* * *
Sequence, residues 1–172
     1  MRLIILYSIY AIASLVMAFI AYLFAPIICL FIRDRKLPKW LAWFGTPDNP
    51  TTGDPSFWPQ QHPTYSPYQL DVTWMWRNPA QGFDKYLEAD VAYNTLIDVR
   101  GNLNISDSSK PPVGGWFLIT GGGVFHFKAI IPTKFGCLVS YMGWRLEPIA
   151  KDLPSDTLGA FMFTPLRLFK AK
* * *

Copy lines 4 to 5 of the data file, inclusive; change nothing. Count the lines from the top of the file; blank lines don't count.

   101  GNLNISDSSK PPVGGWFLIT GGGVFHFKAI IPTKFGCLVS YMGWRLEPIA
   151  KDLPSDTLGA FMFTPLRLFK AK